Channel manager Peter Murphy said Dell only competes with its partners in Australia in 10 to 15 percent of cases and that it has systems in place so partners don't compete against each other.
"We have a robust engagement model where [channel partners] will register the opportunities they're pursuing. Roughly 85 to 90 percent of our registrations get approved."
Murphy told CRN that Dell has acquired 19 companies in four years as it transitioned from a hardware manufacturer to a full solutions provider, adding that channel partners remain critical to Dell's success.
"Partners deliver one-third of our revenues on a global level. We absolutely see them as critical to our success. We've made significant investments not only in headcount but also in resources."
The company has two partner showrooms in Australia and is opening a third in New Zealand.
"We have solution centres around the country where they can bring their customers and showcase proof of concepts, to present demos or do some retail workshops," Murphy said.
Dell has 1,800 system integrator and hardware reseller partners in Australia. Murphy said the privatisation hasn't influenced Dell's relationship with channel partners.
Founder Michael Dell recently acquired 75 percent of the company for US$24.9 billion in an effort to prompt the company's transformation to an end-to-end solutions provider.
Australian managing director Joe Kremer said: "It's early days, but the level of energy and excitement that you see in Michael personally is fantastic. When you own 75 percent decision making happens very rapidly. Things happen blindingly fast."
The vendor is also shifting from a pure hardware to services focus, he said, adding that Dell's business "in Australia is more than 50 percent services".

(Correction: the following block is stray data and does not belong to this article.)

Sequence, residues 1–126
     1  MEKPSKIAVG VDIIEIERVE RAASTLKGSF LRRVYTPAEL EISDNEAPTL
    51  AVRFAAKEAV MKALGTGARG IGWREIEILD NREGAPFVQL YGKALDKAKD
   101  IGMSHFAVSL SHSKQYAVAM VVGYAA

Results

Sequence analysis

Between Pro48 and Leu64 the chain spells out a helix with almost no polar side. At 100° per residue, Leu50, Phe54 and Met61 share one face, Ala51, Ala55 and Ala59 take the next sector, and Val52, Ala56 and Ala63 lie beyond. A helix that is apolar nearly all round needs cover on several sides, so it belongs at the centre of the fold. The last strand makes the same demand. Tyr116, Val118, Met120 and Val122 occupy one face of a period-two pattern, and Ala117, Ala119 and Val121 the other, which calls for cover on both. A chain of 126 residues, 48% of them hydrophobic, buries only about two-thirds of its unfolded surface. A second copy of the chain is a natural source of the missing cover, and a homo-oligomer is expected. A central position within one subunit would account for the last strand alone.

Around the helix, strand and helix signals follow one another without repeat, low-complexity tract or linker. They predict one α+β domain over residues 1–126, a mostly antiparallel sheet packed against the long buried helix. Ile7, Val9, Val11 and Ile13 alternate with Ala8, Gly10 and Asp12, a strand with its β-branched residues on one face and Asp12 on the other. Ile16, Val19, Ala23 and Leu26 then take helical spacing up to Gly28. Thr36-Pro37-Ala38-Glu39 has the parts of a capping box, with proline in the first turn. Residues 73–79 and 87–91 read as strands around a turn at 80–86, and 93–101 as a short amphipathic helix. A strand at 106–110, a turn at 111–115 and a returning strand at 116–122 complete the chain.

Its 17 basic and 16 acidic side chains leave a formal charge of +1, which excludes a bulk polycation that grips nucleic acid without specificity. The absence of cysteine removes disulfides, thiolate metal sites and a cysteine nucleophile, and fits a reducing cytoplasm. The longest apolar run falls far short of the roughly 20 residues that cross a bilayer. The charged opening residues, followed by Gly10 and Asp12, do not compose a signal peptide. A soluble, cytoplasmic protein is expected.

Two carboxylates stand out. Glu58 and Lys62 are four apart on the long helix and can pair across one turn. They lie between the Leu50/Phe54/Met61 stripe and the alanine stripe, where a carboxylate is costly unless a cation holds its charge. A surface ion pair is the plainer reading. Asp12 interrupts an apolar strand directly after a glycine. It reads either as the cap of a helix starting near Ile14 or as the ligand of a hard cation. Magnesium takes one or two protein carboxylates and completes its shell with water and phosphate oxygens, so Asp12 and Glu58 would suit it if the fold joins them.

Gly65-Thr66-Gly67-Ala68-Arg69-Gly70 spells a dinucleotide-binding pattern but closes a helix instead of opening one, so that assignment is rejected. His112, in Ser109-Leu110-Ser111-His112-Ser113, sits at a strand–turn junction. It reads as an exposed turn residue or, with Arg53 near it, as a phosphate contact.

Dell VP and GM of enterprise solutions group, Phil Davis, said the company generates "roughly a third of revenue from the enterprise space".
"Dell is making four big bets in the enterprise space: servers, storage, networking and active infrastructure," said Davis.
At the forum, Davis also presented in-house research suggesting that 70 percent of CIOs "expect to see a significant or complete IT overhaul in the next three years".
[Related: First look at Dell's Ultrabook, PC range]
Partner advisory council
Dell recently announced a new Partner Advisory Council in Australia to aid its focus on local sales and strategies.
The APJ Partner Advisory Council, which will also include members from China, India and New Zealand, will advise Dell on business priorities, sales and local strategy.
The APJ Partner Advisory Council will be established in the first half of 2014.
The group was unveiled at Dell's Global Commercial Channel APJ Partner Summit in Chengdu, China.
These changes represent a substantial shift from Dell's historic image as primarily a direct-to-customer PC vendor.
Dell has been hit hard by the fall in PC sales, with its third-quarter hardware shipments down 14 percent, according to market data from Gartner.